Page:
Barber’s Point Naval Air Station – and its place in Aviation History

by | Jan 21, 2019 | Air Museum, Aircraft, History, Movies, National Security, National Treasure, Second World War, War Aircraft

Barber’s Point Naval Air Station is an iconic military airfield complete with massive hangars, long runways and a magnificent view of the Pacific Ocean in the background.  In short, it is a national treasure.  Unfortunately, the airfield and many of the aircraft on static display in the Barber’s Point Naval Air Station Museum are in a state of decline.

A Dying Gem in Oahu

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She lies dying and ignored on the southwest corner of the Hawaiian island of Oahu.  This once proud and formidable airfield – Barber’s Point Naval Air Station – has been relegated to the status of a relic, it historical significance and ability to contribute to the vitality of the local economy remains ignored by Hawaiian government authorities.  Her two massive hangars lie empty.  Not a single airplane can be found in either hangar despite the fact that the ramp is littered with an array of both civilian and former military aircraft.

The traffic pattern is sprinkled with one or two training aircraft from time to time.  How the airport sponsor can justify the expense of an operating control tower with such dearth of air traffic remains a mystery.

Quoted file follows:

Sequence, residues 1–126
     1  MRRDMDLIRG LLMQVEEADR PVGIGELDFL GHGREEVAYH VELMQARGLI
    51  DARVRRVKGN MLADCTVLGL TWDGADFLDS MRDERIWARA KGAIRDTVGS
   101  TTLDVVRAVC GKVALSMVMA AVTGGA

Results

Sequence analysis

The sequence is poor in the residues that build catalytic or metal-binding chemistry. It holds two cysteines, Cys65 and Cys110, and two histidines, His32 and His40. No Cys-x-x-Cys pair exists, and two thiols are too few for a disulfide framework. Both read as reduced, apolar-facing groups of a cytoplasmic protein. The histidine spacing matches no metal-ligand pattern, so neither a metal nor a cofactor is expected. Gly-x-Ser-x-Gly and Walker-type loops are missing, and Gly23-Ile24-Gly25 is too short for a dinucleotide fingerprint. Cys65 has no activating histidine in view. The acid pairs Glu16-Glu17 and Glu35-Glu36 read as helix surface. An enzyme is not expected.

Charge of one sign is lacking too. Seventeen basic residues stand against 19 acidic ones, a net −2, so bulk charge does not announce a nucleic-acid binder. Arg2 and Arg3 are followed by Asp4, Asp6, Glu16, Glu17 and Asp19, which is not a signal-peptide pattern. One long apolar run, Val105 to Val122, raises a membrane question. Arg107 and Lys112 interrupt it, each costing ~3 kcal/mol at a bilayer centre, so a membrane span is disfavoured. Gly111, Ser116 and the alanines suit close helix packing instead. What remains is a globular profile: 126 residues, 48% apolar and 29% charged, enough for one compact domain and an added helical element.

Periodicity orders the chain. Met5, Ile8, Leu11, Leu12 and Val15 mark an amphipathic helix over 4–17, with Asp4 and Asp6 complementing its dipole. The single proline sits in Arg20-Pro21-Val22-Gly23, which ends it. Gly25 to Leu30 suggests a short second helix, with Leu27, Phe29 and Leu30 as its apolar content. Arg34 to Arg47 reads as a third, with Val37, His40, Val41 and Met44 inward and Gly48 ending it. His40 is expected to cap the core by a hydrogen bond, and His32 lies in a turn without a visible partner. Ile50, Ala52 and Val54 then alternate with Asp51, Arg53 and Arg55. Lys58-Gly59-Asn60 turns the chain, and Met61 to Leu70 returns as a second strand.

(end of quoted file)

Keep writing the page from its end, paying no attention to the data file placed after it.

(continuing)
There are only two operating flight schools on the airport.  The resources of the flight schools are very limited.  A pilot visiting Oahu and desiring to check out in any aircraft for local flying will have to wait a week or more to get on the flying schedule.  There are no air carriers operating from the airport now known as Kalaeloa/Rodgers Airport with civilian identifier PHJR/JRF.  There are no aircraft maintenance facilities operating on the airport.  There is no restaurant on the airport.

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As one enters the terminal building at the base of the control tower, the atmosphere is one of entering a prison or other government facility.  Upon entering the terminal, one will find a blank wall featuring only photographs of Governor David Ige and Lieutenant Governor Joshua Green.  This décor is sterile, bland and unattractive.  No photographs or artwork adorn the lobby of the terminal.  It has all the flavor and atmosphere of a security facility complete with a security guard and visitor sign-in sheet.  A visitor entering the terminal is not welcomed by images celebrating the history and traditions of the airfield when it served to advance the American war effort during the Second World War.  The placards and squadron insignia of the United States Navy are gone.  Photographs giving voice to this airfield when it was a bustling Naval Air Station cannot be found anywhere in view.  The appearance of the terminal lobby confirms what any visitor already knows.  This is a dead or dying airport.  The government officials with jurisdiction over the airport have no interest in promoting aviation.  The appearance of the terminal lobby evidences no appreciation for aviation or the history of the airport.  It is merely a government edifice collecting taxpayer dollars.